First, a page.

Pro-democracy coup in Turkey fails

Turkey has a tradition of practicing a more moderate type of Islam with a more secular government than other middle eastern states.  Thus, secular is one of the few Islamic countries with a long-standing democracy.  So not all Turks are happy with the government of President Erdogan, who, though democratically elected has become more and more authoritarian and seeks to impose Sharia law.

Last weekend, parts of the military staged a coup attempt, promising a restoration of democracy, human rights, and freedom.  But Erdogan called for the people to go to the streets, and they did.  With the help of police and the Turkish military that did not support the coup, the insurrection was crushed.  Thousands have been arrested.

Erdogan is blaming the coup on a moderate, pro-Western cleric named Fethullah Gulen, who has many followers–dubbed “Gulenists”–in Turkey.  Gulen, who denies involvement, has been living in Pennsylvania since 1999.  Erdogan is demanding that the United States arrest him and extradite him back to Turkey.

In principle, we might wish for a new  non-Islamist government to take over. Then again, Erdogan was democratically elected and is the lawful President of the country.  President Obama denounced the coup attempt and expressed his support for Erdogan, which I guess the world’s governments are obliged to do.  Even though Turkey might be an example of a democracy voting to end democracy. [Read more…]

Plato on the course of democracy

As Andrew Sullivan reminds us, Plato predicted Donald Trump, down to his personality and lifestyle.  Plato also predicted multiculturalism, feminism, adults imitating children, tolerance for everything, morality giving way to pleasure above all, opposition to all authority, resentment against the rich, teachers controlled by students, and the rise of tyranny.  All of these grow out of democracy, as it runs its course.  Sullivan also shows how our founders tried to prevent these things from happening by designing a republic (not a pure democracy) with constitutional checks and balances, but how those have eroded.  “Tyranny,” said Plato’s Socrates, “is probably established out of no other regime than democracy.” [Read more…]

How the Founders tried to prevent a Donald Trump

If Republicans pull some convention maneuvering to prevent the nomination of Donald Trump, wouldn’t that thwart the will of the people?  Well, historian Andrew Trees shows that the Founders of our nation who wrote the Constitution believed that the will of the people often needed to be thwarted, or at least checked and balanced.  The Founders feared that the public would be tempted to vote according to their “passions,” thus allowing themselves to be manipulated by a “demagogue” who would stir up these passions to put himself into power.  (Sound familiar?)  This is why the Founders built non-Democratic safeguards into our Republic, such as having the president be elected not by the public but by the Electoral College.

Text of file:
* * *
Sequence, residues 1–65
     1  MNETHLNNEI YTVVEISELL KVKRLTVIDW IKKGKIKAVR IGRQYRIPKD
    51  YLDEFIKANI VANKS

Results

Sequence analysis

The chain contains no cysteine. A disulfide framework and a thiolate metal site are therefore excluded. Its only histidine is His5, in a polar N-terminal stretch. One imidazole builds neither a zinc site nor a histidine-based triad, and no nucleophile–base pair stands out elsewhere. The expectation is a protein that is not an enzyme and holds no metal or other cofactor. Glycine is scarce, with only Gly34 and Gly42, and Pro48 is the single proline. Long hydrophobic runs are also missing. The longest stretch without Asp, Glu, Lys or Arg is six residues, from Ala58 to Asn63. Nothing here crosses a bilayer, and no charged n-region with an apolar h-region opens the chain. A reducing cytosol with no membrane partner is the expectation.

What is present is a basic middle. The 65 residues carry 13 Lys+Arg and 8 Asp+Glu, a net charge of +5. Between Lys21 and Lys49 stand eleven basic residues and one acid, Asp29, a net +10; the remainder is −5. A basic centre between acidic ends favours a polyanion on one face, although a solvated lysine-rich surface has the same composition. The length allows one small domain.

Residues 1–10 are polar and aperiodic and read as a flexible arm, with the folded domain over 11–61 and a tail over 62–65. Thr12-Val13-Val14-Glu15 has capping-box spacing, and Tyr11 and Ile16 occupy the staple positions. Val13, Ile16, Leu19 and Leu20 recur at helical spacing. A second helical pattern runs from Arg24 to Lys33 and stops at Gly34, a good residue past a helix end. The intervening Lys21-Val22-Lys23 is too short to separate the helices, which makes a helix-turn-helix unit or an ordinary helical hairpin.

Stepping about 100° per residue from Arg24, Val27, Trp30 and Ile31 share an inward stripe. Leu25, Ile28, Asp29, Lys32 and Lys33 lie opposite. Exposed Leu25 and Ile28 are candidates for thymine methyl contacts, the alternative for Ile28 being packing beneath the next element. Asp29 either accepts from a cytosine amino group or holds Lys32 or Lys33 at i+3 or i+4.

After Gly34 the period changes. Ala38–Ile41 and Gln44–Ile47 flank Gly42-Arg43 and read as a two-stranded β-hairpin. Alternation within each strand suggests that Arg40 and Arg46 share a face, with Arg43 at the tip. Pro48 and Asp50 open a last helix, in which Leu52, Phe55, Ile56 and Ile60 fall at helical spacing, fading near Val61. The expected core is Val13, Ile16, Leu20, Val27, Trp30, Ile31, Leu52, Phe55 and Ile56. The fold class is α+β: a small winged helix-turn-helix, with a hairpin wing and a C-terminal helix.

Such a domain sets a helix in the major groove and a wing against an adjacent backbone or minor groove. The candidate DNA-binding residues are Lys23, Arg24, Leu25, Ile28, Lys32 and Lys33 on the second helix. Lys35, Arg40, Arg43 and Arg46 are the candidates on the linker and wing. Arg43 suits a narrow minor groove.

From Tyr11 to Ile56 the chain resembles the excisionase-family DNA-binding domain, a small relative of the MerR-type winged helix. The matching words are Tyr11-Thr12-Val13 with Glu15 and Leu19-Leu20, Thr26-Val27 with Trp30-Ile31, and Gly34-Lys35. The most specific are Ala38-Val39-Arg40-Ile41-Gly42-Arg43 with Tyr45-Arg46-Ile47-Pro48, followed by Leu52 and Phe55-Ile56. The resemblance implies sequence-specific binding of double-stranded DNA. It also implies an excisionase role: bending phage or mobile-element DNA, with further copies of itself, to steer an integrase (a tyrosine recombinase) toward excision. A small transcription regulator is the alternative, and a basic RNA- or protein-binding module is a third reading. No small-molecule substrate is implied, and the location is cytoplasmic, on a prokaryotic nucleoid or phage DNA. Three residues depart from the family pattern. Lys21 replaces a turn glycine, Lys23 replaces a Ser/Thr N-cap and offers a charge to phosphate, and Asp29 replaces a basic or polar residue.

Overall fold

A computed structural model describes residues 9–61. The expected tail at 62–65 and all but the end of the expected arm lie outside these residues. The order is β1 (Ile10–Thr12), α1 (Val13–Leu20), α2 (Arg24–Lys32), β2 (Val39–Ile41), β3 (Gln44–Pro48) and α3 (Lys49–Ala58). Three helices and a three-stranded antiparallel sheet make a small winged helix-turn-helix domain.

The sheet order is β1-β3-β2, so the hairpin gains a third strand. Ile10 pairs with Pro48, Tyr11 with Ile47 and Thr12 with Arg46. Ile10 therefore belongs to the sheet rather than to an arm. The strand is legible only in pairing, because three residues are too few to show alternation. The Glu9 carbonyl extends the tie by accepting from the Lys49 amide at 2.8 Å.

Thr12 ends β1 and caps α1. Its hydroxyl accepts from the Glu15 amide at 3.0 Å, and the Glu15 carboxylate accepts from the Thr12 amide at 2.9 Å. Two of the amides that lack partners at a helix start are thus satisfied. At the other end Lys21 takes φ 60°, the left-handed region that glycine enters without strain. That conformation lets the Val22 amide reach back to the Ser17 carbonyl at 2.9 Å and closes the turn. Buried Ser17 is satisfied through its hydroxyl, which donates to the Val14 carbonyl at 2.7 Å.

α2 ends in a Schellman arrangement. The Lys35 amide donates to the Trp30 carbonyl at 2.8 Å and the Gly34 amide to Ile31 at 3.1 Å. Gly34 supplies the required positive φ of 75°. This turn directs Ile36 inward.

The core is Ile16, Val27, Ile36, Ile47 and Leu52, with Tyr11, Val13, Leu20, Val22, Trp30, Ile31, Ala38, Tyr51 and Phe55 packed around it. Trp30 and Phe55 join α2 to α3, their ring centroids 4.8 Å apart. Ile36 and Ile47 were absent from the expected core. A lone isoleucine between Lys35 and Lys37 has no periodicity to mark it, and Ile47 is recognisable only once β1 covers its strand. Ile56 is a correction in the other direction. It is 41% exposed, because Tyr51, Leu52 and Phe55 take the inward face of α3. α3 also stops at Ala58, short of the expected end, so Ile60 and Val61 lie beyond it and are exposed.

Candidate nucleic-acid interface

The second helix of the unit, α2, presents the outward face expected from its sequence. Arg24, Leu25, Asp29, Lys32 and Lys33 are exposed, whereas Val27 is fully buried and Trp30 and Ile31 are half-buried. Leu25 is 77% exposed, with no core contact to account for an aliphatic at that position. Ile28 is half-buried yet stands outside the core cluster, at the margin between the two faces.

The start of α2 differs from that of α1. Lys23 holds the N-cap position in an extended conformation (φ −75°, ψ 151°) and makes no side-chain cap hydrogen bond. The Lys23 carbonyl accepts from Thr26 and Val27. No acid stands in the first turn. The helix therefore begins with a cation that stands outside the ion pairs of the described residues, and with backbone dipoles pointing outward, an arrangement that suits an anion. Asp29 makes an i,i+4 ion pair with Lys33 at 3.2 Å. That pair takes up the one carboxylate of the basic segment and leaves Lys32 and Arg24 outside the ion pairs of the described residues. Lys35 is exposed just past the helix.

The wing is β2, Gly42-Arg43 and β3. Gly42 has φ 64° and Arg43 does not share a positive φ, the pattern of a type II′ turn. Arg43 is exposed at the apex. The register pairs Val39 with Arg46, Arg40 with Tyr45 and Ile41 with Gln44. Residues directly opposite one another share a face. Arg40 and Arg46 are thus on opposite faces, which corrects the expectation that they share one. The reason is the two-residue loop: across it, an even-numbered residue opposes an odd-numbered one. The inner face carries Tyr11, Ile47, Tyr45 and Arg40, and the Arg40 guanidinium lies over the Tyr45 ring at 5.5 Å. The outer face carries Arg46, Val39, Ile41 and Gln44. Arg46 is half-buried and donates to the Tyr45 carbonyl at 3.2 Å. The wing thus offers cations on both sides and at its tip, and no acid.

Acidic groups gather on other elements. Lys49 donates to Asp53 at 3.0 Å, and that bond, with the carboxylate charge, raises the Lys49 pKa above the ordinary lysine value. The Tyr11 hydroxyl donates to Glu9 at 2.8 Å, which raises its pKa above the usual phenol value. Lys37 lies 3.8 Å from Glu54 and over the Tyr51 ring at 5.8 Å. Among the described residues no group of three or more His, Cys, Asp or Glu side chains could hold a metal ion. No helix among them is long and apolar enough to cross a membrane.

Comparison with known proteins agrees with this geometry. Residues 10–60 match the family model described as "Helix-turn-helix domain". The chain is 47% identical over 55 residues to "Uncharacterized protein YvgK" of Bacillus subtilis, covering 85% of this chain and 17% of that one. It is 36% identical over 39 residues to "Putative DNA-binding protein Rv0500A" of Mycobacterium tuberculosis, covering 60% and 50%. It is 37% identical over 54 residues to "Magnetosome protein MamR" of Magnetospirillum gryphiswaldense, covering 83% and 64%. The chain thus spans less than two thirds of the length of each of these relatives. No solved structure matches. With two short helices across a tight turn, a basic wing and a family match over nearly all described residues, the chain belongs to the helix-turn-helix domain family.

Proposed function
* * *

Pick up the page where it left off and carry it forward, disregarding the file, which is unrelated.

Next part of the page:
Many of those safeguards have been gotten rid of, unfortunately.  (Perhaps the coming debacle will encourage us to bring them back:  If political parties are corrupt, something both angry voters today and the original Founders would agree on, let’s remove the presidency from politics.  Let’s vote state-by-state for delegates to the Electoral College, without any of them stating whom they would be voting for.  They would then deliberate on who would be the best person for the job.  That would be returning to what the Founders intended.) [Read more…]

Voting for authoritarianism

Free and democratic societies, historically, come to an end when the people freely and democratically vote for an authoritarian leader to end freedom and democracy. (Think Caesar, Napoleon, Hitler, Lenin. . . .)  Now Donald Trump is saying that he wants to limit the First Amendment by changing the libel laws so that journalists and others who write “negative” things can be punished.

Trump surely lacks the magnitude of those historical tyrants, but the public’s impulse to turn in time of disillusionment to “a strong leader” who will suspend their rights continues.

After the jump, George Will catalogues Trump’s authoritarian statements and calls establishment Republicans like Chris Christie who are now supporting him to account. [Read more…]

Original sin as the bedrock of democracy

More from Barton Swaim’s Wall Street Journal review of Reinhold Niebuhr’s  Major Works in Religion and Politics, explaining why the doctrine of original sin is necessary for a stable democracy. [Read more…]

Zombie democracy

Christopher Walker tells how authoritarian governments are trying to make themselves seem legitimate by constructing a facade of democracy, complete with (fixed) elections, (controlled) news organizations, and even government-sponsored non-governmental organizations, such as human rights groups, election monitors, and environmental groups–all of which work to make the dictators look good and are wreaking havoc in the U.N. and international conferences. [Read more…]


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